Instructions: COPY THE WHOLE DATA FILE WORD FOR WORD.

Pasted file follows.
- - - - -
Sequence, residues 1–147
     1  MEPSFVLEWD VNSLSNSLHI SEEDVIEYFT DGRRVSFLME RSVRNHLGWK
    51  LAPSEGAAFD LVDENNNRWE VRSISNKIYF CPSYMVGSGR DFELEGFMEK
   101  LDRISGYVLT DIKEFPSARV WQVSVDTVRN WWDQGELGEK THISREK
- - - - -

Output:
Sequence, residues 1–147
     1  MEPSFVLEWD VNSLSNSLHI SEEDVIEYFT DGRRVSFLME RSVRNHLGWK
    51  LAPSEGAAFD LVDENNNRWE VRSISNKIYF CPSYMVGSGR DFELEGFMEK
   101  LDRISGYVLT DIKEFPSARV WQVSVDTVRN WWDQGELGEK THISREK